China is no longer the biggest foreign creditor to the US government, according to the latest data released by the US Treasury Department, a change that could weaken Beijing’s position in negotiating with the administration of Donald Trump.

China has reduced its holdings of US Treasury bonds in recent months to raise funds to mitigate capital flight and defend its currency, and is expected to keep doing so now that a rate increase by the US Federal Reserve has started a new round of yuan depreciation.

China cut its holdings by US$41.3 billion in October and a total of US$127 billion in the past six months, the US Treasury Department said on Thursday. It now holds US$1.12 trillion, giving the No 1 title to Japan, which sold off less last month.

“US monetary policy has exerted great pressure on foreign central banks because of the globalisation of financial markets,” said Tim Condon, chief Asia economist for ING.

The yield for benchmark 10-year US Treasury notes has risen to a nearly three-year high of 2.6 per cent as foreign investors, mainly central banks, have reduced their positions by hundreds of billions of dollars this year.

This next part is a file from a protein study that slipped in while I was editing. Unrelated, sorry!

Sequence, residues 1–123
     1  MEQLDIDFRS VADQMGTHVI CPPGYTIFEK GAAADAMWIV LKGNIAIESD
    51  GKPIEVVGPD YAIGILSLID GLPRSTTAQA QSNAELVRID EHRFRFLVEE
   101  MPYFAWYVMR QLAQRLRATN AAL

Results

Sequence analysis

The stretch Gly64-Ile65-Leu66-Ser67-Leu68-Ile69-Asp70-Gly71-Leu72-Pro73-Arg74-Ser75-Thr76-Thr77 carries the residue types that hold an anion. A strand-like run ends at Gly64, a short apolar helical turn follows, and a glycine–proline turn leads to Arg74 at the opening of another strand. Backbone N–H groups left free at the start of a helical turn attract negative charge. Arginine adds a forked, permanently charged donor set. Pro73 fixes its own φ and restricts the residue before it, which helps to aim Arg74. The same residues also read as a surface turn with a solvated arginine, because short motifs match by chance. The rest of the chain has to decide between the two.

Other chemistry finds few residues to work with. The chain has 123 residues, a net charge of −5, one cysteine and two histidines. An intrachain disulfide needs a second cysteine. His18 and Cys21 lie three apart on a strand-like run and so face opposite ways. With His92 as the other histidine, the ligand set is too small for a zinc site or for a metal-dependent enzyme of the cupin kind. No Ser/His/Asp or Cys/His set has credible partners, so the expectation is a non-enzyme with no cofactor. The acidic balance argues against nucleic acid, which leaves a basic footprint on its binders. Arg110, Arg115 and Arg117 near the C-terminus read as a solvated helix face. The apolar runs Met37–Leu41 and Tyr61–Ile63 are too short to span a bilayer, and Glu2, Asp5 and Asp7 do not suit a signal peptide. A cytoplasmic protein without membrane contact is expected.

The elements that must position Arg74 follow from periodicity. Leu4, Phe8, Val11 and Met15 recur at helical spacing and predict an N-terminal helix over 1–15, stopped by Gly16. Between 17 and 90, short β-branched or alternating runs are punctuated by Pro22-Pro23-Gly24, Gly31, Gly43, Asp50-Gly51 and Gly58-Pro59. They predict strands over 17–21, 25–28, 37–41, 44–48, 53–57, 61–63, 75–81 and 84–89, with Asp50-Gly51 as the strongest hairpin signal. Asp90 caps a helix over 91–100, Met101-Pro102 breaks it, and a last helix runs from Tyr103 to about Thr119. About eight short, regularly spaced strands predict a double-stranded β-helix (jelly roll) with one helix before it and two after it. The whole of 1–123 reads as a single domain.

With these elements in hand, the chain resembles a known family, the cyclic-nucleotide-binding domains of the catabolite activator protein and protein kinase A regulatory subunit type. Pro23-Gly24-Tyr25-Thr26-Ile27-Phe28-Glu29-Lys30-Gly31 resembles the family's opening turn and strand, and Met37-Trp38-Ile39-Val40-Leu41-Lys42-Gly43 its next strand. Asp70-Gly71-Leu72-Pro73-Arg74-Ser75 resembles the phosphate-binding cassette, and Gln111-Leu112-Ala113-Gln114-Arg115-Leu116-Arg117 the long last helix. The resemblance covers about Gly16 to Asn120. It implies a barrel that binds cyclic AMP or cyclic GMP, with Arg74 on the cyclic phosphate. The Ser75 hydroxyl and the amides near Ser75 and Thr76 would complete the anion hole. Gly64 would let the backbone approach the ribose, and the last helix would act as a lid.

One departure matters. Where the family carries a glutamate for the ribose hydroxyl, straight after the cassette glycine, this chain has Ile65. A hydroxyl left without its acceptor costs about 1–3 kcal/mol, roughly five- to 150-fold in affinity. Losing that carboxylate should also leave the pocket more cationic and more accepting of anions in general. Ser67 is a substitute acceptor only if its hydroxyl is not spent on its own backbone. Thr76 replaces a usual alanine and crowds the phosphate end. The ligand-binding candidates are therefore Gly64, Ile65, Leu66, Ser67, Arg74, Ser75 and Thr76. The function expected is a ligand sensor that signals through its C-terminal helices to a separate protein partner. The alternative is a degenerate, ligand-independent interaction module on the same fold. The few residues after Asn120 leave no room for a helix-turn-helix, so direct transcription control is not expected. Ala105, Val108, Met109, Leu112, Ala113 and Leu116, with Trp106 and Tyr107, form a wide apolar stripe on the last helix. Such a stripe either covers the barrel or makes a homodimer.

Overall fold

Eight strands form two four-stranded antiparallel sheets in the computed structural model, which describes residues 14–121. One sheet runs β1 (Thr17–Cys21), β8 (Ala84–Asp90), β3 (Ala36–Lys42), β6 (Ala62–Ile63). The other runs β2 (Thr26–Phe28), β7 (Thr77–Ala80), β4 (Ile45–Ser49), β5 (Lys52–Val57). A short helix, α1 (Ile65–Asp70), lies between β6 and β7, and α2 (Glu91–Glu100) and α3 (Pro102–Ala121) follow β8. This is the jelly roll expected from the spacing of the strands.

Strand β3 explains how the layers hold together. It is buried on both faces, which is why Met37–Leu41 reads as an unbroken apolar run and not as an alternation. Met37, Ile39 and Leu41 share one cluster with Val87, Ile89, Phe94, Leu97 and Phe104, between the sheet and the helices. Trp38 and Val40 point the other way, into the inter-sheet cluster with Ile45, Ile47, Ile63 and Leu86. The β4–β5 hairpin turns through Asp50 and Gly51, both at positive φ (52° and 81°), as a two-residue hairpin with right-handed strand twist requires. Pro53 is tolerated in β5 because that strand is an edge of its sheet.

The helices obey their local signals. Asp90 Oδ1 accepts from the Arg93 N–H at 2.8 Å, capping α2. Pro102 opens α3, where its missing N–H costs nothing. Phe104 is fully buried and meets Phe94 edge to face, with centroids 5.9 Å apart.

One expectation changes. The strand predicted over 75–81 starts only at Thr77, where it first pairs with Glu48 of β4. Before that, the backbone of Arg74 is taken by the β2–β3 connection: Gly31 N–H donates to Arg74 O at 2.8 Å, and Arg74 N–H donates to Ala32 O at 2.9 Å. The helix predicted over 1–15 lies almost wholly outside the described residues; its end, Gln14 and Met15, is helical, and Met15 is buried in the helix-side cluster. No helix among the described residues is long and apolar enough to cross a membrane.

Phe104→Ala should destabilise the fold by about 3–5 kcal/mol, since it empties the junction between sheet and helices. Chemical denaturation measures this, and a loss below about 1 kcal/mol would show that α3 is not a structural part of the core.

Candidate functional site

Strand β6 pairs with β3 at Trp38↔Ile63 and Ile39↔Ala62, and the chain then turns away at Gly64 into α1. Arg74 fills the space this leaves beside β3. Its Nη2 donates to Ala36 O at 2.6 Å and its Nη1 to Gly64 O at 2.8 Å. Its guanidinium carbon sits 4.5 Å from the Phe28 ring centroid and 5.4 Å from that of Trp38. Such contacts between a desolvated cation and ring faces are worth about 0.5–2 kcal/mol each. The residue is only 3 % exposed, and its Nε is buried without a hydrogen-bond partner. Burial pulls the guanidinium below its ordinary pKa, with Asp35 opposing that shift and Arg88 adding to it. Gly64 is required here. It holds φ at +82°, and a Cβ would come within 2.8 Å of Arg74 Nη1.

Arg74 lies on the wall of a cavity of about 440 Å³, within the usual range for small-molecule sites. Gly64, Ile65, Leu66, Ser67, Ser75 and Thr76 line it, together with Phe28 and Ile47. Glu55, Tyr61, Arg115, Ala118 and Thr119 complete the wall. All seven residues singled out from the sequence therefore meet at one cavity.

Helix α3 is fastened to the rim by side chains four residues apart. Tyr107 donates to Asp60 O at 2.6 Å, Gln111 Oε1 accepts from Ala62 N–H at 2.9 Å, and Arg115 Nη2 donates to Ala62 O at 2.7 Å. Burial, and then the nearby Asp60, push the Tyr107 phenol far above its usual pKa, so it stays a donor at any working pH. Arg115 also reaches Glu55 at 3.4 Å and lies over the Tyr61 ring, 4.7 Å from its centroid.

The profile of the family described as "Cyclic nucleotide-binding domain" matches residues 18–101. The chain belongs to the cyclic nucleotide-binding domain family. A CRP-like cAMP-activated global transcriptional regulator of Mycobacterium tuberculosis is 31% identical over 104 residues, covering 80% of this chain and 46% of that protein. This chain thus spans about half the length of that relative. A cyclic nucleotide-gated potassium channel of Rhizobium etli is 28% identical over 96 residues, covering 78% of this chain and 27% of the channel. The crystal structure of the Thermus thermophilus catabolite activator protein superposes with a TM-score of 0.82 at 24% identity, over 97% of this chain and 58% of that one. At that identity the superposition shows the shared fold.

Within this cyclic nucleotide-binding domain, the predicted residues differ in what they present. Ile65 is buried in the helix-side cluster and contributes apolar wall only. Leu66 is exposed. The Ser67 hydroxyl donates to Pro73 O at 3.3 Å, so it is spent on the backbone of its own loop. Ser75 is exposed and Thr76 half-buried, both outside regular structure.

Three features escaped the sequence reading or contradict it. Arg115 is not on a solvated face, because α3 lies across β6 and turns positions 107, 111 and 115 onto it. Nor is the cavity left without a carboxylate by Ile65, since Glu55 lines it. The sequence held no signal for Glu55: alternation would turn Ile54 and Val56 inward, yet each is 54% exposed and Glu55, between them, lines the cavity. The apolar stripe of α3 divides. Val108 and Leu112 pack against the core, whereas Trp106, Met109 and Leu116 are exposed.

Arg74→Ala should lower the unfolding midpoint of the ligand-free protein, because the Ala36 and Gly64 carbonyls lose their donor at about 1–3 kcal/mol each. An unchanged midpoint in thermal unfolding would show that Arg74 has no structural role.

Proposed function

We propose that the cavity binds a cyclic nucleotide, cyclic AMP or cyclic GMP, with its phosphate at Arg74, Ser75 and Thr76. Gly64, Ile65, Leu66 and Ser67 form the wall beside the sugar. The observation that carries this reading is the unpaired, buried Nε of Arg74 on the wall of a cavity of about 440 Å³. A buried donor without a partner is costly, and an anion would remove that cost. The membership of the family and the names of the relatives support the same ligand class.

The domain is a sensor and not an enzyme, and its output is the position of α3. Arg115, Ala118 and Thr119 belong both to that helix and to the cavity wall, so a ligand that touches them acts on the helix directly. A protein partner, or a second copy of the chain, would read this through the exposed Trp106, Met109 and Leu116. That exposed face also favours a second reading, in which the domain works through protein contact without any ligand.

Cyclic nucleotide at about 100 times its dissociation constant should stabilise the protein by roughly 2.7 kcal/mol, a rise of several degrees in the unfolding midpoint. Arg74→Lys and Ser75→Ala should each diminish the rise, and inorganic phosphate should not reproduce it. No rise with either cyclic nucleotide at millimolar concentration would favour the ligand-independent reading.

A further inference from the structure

Beijing’s real exposure to US treasuries might be bigger because it uses proxy holders. It has never made its holdings of US government debt public, guarding the composition of its US$3 trillion in foreign exchange as a state secret.

However, the yielding of the position of top foreign creditor to Japan could still make a psychological difference in Beijing’s dealings with Washington.

US president-elect Trump’s earlier remarks about imposing a punitive tariff on Chinese products, his labelling of China as a currency manipulator, and his comments about abandoning the one-China policy with regard to Taiwan have already created headaches for Beijing.

The Fed’s interest rate increase and talk of further rises next year are translating into fresh pressure on the yuan.

Beijing had to sell US treasuries, the most fluid assets in its portfolio, “to raise funds to meet the growing domestic demand for US dollars and defend the yuan exchange rate”, said Han Huishi, a forex analyst with China Construction Bank. “It will continue in coming months.”

Uncertainties about the US are likely to be a key reason for the Politburo to prioritize stability in next year’s economic plan.

Source:  South China Morning Post - Dec 16, 2016     Aurthor:  Frank Tang